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Resisting health: extreme food and the culinary abject
journal contributionposted on 2023-05-17, 15:02 authored by Phillipov, M
Controversies involving calorically extravagant fast food hamburgers are not only significant manifestations of nutritional surveillance and policing, they are also important sites of debate about food, health, and eating during a so-called “obesity epidemic.” This paper examines the media coverage and controversies surrounding two “fat” burgers that were sold in the Australian market in 2008 and 2011. It argues that the almost total subsuming of the “meaning” of these burgers into a framework of health simultaneously limited comprehension of their pleasures and provided opportunities for resistance to public health agendas. By locating the consumption of these burgers as part of a broader, masculine “turn to the extreme” in contemporary culture, this article suggests that the burgers' transgression of healthy eating edicts not only reveals the limits of public health education's ascetic agenda, but also highlights the complex and interdependent relationships among media, food, health, and its discontents at a time when eating and nutrition are sources of heightened anxiety, surveillance, and control.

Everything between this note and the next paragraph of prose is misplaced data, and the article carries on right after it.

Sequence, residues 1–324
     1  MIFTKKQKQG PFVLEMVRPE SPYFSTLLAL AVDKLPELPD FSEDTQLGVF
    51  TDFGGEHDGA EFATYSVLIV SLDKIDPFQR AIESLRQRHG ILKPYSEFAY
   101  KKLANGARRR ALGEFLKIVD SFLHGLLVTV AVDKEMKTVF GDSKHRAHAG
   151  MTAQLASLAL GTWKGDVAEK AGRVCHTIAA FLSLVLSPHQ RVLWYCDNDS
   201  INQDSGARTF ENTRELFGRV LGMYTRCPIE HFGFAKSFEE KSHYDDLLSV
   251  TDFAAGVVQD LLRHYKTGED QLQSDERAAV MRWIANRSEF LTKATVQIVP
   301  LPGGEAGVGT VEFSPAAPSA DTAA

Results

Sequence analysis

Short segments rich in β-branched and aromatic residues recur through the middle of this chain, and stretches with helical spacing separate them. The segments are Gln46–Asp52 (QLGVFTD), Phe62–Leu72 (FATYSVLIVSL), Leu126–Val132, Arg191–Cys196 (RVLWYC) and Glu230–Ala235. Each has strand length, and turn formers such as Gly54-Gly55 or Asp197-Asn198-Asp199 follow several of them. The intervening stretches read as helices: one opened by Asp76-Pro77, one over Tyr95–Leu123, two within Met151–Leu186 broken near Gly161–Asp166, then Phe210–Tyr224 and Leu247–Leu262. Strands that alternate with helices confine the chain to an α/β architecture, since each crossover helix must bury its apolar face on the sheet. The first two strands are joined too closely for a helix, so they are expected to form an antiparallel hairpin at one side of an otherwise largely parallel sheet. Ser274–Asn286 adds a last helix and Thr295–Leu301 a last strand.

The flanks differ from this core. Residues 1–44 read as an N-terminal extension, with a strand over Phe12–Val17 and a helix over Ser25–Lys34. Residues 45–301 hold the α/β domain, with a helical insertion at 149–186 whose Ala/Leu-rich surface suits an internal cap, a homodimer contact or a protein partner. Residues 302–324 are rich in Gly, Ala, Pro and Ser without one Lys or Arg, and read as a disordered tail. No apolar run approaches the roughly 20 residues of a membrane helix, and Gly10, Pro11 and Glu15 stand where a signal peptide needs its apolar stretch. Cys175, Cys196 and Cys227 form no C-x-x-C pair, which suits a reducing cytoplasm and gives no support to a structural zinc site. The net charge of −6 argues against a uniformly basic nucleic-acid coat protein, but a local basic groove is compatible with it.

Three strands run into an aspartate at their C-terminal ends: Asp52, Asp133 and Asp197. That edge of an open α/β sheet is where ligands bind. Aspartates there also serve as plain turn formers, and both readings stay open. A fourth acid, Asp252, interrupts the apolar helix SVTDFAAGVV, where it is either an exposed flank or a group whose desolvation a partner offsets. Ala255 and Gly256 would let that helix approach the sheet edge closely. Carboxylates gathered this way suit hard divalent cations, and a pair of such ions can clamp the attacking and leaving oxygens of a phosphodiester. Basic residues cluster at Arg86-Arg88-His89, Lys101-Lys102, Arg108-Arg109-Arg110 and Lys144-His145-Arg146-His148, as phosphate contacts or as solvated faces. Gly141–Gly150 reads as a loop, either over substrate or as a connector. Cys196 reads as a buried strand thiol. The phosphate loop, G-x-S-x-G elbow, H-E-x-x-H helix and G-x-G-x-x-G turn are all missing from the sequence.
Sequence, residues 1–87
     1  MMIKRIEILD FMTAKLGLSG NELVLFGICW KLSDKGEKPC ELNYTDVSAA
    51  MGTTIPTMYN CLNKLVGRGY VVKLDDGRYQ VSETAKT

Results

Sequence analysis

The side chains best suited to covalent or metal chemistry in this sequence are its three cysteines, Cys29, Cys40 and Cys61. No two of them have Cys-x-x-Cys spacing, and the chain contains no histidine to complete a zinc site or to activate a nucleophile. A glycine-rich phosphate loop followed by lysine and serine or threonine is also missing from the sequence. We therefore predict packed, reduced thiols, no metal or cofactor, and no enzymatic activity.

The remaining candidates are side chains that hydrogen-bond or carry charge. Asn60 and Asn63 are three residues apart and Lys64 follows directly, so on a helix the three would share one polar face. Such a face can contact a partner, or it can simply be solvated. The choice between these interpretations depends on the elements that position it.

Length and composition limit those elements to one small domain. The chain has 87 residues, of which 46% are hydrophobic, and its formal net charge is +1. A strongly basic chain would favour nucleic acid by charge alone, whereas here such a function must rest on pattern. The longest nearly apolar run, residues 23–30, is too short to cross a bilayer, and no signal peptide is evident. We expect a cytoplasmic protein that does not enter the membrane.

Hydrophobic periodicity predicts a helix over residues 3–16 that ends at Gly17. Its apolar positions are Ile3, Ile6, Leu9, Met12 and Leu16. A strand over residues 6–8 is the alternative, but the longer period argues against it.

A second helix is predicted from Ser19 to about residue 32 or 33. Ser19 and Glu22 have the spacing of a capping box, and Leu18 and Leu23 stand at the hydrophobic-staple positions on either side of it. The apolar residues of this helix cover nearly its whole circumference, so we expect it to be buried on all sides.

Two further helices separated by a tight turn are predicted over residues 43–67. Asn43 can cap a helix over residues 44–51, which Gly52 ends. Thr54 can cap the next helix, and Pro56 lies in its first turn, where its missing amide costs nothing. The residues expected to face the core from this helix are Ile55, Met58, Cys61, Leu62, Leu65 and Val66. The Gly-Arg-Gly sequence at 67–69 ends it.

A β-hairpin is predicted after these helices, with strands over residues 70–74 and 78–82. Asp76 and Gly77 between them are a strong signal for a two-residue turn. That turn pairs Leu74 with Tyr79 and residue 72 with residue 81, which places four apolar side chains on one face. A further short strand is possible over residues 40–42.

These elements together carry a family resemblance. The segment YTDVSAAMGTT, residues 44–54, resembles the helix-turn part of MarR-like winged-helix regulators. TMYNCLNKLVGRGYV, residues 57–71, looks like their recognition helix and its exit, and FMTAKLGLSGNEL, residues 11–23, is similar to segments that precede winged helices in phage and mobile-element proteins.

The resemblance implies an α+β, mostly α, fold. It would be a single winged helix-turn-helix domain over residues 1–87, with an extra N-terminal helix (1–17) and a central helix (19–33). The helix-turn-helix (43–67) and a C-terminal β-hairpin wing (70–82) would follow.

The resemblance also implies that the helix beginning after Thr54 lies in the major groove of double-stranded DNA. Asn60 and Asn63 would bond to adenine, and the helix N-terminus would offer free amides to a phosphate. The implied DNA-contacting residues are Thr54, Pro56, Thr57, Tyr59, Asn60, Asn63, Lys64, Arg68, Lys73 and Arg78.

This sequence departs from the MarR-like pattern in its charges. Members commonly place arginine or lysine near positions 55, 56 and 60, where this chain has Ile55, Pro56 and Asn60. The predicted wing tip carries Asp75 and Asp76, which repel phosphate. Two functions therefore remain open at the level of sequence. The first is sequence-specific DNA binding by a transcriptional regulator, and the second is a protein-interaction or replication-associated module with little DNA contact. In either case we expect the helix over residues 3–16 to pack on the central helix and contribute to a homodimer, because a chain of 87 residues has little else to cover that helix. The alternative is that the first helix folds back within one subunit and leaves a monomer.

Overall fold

Publication titleCritical Studies in Media Communication
Department/SchoolSchool of Humanities
Place of publicationUSA
Rights statementCopyright 2013 National Communication Association